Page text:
Any questions, you know what to do.







Previous Lesson


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Posted 2 Years Ago

I get up and write in the morning for an hour every day before I go to work. This is the only way I've found to truly stay consistent. I've been doing it about a year and have missed maybe three or four days. I have time in the evenings, but it's just too tempting to skip. And once you've skipped a couple nights it's easy to just not write for weeks or even months. I also find that I get momentum from my morning writing. I'm far more likely to write in the evening for having done it in the morning, particularly if I came up with a good idea I want to finish. I'm not super prolific, but it has definitely helped. In the past three or four months I've written a 75,000 word rough draft of a novel which is a feat I never could have pulled off with my old write-when-I-feel-like-it method.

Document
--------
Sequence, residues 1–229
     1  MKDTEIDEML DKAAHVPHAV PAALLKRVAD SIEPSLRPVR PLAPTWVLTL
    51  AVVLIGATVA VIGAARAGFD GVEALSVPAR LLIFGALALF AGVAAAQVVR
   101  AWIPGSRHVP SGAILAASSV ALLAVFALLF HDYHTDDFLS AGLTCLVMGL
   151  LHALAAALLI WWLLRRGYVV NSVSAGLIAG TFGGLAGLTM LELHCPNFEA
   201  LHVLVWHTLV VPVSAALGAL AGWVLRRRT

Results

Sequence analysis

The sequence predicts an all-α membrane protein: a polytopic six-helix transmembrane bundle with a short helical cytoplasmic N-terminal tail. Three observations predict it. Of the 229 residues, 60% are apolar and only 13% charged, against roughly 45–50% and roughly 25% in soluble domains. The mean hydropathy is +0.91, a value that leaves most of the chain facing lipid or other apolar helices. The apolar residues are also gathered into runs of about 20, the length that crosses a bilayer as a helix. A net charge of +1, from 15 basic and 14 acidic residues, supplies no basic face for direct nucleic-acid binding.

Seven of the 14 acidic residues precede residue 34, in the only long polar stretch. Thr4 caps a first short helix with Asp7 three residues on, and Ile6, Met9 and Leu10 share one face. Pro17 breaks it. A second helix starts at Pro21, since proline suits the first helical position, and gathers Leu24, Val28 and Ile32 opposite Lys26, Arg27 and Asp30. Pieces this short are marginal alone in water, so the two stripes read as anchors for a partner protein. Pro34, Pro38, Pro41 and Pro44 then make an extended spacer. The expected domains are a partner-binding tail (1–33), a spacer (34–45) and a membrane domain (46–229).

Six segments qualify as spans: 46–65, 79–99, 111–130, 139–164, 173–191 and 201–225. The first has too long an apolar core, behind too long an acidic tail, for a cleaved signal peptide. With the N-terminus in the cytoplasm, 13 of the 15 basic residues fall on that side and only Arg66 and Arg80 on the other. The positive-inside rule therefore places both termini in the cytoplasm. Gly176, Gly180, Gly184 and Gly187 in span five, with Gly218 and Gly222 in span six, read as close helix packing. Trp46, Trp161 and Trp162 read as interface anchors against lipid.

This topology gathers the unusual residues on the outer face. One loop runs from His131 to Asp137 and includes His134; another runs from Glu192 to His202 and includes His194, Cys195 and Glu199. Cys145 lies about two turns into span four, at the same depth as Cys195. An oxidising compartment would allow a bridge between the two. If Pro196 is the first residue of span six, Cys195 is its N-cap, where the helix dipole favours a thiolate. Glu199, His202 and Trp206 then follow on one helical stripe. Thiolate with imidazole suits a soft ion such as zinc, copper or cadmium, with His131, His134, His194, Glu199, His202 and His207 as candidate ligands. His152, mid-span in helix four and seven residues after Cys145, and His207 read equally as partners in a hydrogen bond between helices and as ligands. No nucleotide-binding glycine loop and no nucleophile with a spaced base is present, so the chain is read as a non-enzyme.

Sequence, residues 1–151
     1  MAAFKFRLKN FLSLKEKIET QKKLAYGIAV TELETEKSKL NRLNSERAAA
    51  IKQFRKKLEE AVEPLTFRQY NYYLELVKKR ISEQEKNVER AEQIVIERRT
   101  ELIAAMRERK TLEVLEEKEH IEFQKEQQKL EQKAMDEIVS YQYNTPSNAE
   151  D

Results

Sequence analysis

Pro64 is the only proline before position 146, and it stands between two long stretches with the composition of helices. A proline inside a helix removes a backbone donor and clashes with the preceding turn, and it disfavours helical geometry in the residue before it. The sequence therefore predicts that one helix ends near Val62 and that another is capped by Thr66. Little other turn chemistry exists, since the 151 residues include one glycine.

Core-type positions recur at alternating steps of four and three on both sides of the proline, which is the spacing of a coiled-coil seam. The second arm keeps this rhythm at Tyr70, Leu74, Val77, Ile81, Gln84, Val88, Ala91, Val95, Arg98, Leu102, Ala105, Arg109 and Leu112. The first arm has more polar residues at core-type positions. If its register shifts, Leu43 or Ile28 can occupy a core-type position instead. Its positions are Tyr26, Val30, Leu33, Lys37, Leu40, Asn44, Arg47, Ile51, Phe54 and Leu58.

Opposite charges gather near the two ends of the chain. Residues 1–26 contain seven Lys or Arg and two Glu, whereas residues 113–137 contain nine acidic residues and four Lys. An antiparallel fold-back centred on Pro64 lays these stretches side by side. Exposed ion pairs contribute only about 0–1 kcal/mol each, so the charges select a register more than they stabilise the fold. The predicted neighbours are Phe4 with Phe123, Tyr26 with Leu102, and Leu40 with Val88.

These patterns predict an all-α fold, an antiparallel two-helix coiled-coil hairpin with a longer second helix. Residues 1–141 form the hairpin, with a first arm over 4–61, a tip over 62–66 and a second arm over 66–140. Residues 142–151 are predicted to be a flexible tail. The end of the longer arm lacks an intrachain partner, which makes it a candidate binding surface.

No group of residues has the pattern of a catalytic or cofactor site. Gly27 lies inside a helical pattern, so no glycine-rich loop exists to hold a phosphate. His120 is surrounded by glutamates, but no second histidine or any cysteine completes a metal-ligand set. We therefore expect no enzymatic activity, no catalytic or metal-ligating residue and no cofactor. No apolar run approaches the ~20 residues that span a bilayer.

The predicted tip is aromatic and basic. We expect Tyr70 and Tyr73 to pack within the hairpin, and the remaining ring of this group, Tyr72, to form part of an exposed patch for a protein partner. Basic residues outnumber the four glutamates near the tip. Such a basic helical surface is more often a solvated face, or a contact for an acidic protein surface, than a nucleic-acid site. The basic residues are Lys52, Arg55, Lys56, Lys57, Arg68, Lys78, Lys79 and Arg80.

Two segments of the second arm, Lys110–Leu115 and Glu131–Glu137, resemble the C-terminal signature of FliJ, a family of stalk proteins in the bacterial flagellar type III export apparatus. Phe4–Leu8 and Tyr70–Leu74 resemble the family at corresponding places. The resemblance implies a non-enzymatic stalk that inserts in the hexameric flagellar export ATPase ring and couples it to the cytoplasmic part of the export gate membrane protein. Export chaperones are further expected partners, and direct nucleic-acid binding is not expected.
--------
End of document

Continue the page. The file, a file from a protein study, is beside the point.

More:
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Posted 4 Years Ago

I have a big problem with consistency, since I have a habit of drifting from project to project. I'll come back to something I haven't touched in months or years and think, "Who wrote this?" Sadly, a lot of the time it's the final nail in the coffin for many promising projects. I'll consider the skeleton technique in future, but for now its enough for me to simply read through what I've already written, altering and re-writing as I go.

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Posted 4 Years Ago

I actually know what you mean in this one. I have terrible consistency in my writing and sometimes it actually happens as I'm working on it. I'll try your skeleton theory in part two of my series :) If I have questions, I'll either come straight here or send you a message!
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Added on February 22, 2012
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Domenic Luciani
Domenic Luciani

Buffalo, NY

That is my real name, and that is really me in the picture. Like Patrick says, I'm not in the witness protection program. I mostly write books and stories. I like fantasy, or fiction, but if..